When someone wrongs us, or betrays us, often we feel like we should “get back at them”. This desire for revenge can be a consequence of anger – but what actually happens in our brain when we feel like lashing out at someone?
In a study published in Scientific Reports in July, researchers at the University of Geneva, Switzerland developed a game in which participants are confronted with fair behaviour from one player and unfair provocations from another player. With brain imaging, their goal was to observe which areas were activated when they felt anger and experienced unfairness.
In the second phase of the study, researchers gave participants the opportunity to take revenge. Therefore, by comparing the two images, they could see which areas of the dorsolateral prefrontal cortex that are related to revenge suppression.
Interestingly, when there was more activation in the first phase of the study, participants were less likely to seek revenge. So, when there is more revenge-suppression behaviour (unconsciously or consciously) taking place in the brain, we are less likely to want to get back at someone who angered us.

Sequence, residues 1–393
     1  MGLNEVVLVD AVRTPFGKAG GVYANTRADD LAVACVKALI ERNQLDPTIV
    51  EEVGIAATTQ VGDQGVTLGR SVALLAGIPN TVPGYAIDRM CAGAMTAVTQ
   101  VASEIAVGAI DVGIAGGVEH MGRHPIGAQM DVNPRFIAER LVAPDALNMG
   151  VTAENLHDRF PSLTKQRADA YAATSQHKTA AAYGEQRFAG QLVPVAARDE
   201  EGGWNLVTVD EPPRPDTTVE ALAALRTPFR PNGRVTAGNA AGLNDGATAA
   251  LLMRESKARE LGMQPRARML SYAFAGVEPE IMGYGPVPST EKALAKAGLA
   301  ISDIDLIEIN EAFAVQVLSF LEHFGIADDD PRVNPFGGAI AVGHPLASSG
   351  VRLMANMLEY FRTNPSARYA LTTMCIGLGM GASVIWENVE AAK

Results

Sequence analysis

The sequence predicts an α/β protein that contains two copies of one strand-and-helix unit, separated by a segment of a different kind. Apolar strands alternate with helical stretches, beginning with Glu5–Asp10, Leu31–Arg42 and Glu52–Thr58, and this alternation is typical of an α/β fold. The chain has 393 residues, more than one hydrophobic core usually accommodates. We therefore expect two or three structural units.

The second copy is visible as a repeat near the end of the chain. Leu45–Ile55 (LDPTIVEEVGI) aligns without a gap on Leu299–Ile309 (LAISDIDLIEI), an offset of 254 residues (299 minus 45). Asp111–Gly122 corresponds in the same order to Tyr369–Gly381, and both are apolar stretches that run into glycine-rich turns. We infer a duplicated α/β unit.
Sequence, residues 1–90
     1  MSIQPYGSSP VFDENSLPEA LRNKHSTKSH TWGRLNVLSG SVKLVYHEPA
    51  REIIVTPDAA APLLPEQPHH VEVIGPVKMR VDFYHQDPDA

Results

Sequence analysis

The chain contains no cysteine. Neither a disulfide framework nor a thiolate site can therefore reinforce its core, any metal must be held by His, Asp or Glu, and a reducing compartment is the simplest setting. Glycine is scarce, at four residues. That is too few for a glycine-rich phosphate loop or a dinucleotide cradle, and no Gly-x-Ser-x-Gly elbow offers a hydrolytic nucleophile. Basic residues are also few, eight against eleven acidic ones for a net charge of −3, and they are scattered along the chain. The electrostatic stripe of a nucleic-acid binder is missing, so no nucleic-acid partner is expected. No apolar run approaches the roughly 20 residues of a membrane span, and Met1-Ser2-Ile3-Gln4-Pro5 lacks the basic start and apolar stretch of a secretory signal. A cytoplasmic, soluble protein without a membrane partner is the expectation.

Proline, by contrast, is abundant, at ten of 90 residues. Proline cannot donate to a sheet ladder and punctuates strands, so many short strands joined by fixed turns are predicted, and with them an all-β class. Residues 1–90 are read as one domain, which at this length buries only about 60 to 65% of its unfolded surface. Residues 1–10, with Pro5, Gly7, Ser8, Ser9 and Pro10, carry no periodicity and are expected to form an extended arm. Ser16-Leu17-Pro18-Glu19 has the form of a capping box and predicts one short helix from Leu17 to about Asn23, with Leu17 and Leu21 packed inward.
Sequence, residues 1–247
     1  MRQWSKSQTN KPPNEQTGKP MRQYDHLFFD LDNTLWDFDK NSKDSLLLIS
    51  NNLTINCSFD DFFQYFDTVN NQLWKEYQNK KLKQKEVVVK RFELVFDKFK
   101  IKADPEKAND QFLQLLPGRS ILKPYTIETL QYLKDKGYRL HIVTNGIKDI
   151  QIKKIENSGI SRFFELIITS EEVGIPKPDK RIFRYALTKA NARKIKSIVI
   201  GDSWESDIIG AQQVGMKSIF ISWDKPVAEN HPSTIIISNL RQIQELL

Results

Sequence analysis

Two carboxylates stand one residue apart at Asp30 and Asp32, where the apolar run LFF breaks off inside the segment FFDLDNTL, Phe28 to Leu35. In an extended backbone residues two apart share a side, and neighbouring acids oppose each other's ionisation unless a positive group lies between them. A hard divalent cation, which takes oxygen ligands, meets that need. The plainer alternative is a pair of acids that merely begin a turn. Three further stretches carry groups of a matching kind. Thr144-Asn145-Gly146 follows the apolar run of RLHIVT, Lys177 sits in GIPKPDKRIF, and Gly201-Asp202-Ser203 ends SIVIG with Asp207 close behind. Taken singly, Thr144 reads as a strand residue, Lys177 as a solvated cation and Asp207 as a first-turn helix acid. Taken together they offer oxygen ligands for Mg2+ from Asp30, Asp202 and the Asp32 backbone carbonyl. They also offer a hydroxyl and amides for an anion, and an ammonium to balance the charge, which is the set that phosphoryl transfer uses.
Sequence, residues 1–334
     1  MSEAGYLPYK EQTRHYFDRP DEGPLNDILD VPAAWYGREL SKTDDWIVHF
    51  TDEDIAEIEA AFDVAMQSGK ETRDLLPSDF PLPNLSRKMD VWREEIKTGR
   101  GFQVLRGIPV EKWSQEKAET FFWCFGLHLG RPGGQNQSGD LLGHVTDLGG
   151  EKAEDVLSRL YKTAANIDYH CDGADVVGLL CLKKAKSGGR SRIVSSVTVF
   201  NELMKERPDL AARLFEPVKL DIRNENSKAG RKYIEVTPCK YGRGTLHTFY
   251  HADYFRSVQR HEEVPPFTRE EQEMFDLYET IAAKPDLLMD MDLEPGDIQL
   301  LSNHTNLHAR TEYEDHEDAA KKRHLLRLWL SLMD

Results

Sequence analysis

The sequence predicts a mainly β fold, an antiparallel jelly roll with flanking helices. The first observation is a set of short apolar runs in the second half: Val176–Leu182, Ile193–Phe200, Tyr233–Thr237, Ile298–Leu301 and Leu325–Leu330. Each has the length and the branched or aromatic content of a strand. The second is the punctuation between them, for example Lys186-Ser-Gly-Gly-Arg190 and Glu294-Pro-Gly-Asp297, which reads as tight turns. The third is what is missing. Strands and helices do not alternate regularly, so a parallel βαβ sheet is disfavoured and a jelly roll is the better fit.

The exciting part of this research is that until now, the only way anger was able to be examined was through past experiences and recalled memories – which are not always accurate – or in the interpretation of angry faces in photographs.
Specifically, when looking at the images, they were able to observe activity in the superior temporal lobe and the amygdala – which is known for its role in fear and emotion – when participants looked at the photo of the unfair player. Further, these areas correlated with feelings of anger, so the higher the anger reported, the stronger the brain activity.
Although only 25 people participated in this game, it does aide in the commencement of a new technique for researching anger and revenge. The researchers state that the game helped them see that the dorsolateral prefrontal cortex, an area that is key for the regulation of emotions, played a crucial role in the suppression of revenge. This information sparks the thought that we might be able to control our own desire for vengeance or revenge by simply stimulating this area of the brain.
“One can then wonder if an increase in the activity of the dorsolateral prefrontal cortex obtained through transmagnetic stimulation, would allow to decrease the acts of vengeance or even to suppress them.” – Olga Klimecki-Lenz